The 'MZ also has auto prologue/epilogue and vector pre-fetch which speed up interrupts greatly. However XC32 doesn't support it natively, so it requires a little messing to get it to work. It reduces latency to ~11clks @200MHz.
You have to enable the feature in CP0 and declare the interrupt functions slightly differently e.g.
void __attribute__((at_vector(_CHANGE_NOTICE_D_VECTOR),naked,nomips16)) CNDInterrupt(void)
{
    .....
    asm volatile("iret");
 
}

Note this is also all-or-nothing, all interrupts must use the extensions, and assumes shadow sets enabled.



You know, I have read about the auto-prologue/epilogue stuff, but I never got around to really looking into it.  Are the shadow registers and auto-prologue combined enough to completely eliminate the context saving (besides FPU registers, of course)?  If so, I might have to dig into that.
 
That said, I do very much appreciate the lack of effort needed by us writing the ISRs to get that on the Cortex-M devices.  They auto-stack the FPU registers, too, if you use the FPU in your ISR, which is nice.
 
Thanks for posting this!
#28
simong123
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Re: Is MCHP still developing the PIC32? 2020/05/07 21:44:42 (permalink)
5 (2)
jdeguire
Are the shadow registers and auto-prologue combined enough to completely eliminate the context saving (besides FPU registers, of course)?  If so, I might have to dig into that.

Yes. At least on the 'MZ where there are enough shadow sets.
You just have to configure PRISS and IntCtl Register (CP0Register 12, Select 1)
A bit more tricky on the 'MK if you need more than 1 interrupt level.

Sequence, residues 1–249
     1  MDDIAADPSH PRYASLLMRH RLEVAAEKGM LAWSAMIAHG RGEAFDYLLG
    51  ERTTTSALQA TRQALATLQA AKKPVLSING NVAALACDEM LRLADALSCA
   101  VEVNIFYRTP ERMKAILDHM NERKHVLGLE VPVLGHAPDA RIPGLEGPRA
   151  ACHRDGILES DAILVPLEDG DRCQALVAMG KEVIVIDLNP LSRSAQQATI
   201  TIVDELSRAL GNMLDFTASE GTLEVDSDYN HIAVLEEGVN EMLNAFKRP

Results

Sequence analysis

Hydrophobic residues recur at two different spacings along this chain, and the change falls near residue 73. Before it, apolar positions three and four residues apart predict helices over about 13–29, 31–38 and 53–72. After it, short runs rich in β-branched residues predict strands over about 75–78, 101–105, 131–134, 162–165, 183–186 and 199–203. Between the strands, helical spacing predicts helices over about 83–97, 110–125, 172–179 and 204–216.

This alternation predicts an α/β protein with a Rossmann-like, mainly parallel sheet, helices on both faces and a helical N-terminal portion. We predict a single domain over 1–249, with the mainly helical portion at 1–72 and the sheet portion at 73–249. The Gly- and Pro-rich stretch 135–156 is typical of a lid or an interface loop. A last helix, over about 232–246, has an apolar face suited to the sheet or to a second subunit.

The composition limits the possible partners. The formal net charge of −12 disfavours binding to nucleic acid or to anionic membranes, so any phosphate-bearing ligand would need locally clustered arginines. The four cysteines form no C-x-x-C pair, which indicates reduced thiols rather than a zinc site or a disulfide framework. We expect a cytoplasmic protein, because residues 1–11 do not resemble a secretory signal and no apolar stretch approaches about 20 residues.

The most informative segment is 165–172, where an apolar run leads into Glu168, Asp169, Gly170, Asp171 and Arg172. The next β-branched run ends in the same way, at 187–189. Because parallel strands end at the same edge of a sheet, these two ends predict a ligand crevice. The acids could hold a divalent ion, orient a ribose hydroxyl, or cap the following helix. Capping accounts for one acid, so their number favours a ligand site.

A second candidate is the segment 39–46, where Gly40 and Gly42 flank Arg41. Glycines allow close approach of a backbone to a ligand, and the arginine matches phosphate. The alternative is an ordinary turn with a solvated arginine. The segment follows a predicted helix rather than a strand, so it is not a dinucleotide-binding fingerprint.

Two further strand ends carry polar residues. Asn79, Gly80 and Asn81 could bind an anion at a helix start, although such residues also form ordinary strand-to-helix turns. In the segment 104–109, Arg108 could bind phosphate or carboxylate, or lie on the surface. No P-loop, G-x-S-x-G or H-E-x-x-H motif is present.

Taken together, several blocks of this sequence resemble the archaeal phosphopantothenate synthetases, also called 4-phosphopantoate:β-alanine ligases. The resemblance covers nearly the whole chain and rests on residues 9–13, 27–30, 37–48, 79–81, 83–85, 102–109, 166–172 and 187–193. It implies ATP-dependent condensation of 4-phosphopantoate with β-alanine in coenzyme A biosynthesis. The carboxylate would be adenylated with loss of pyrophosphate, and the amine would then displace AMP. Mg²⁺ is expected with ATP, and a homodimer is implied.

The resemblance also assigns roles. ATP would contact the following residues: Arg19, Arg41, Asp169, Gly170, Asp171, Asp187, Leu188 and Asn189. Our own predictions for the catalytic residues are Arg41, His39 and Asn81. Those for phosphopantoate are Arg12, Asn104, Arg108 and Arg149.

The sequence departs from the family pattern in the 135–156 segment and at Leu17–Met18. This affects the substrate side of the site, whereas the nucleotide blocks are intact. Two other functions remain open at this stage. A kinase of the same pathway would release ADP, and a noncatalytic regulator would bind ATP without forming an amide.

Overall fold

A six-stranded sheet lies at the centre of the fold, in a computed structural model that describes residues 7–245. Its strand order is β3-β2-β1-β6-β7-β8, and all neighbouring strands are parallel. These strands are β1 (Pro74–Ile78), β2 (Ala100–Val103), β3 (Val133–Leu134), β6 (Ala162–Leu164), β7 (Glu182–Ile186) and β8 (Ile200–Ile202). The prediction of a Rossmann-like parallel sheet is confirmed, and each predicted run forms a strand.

typedef union
{
    struct{
    unsigned :5;
    unsigned VS:5;
    unsigned :3;
    unsigned UseKStk:1;
    unsigned APE:1;
    unsigned ClrEXL:1;
    unsigned StkDec:5;
    unsigned ICE:1;
    unsigned PF:1;
    unsigned IPFDC:3;
    unsigned IPPCI:3;
    unsigned IPTI:3;
    };
    unsigned w;
} INTCTL_T;

    PRISS=0x76543210; //Set priss so Shadow Set No. = Priority


    // Configure ASE extensions
    INTCTL_T IntCtl;
    IntCtl.w=_mfc0(12,1);
    IntCtl.PF=1;            // Enable vector pre-fetch
    IntCtl.StkDec=0x4;        // 4 * 4byte words from stack
    IntCtl.ClrEXL=1;        // Clear EXL,ERL,KSU flags
    IntCtl.APE=1;            // Enable auto prologue
    IntCtl.UseKStk=0;        // Use single stack
    IntCtl.ICE=1;            // Interrupt chaining enabled
    _mtc0(12,1,IntCtl.w);





#29
JPortici
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Re: Is MCHP still developing the PIC32? 2020/05/07 23:30:37 (permalink)
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simong123
JPortici
 with PIC32 (MZ,MK) and Arm (M4) at full throttle i barely managed three instead, i blamed the much higher latency in interrupts and context save/restore, and lack of a fast division engine

The 'MZ should be able to do 16/16 and 32/16 divides in 16 (unsigned) or 18 (signed) clocks, compared to the dsPIC's 16. Also the MDU is a separate pipeline so non-dependant integer ops can be executed in parallel.
Similarly as I mentioned before interrupt latency is ~11clks with ASE enabled.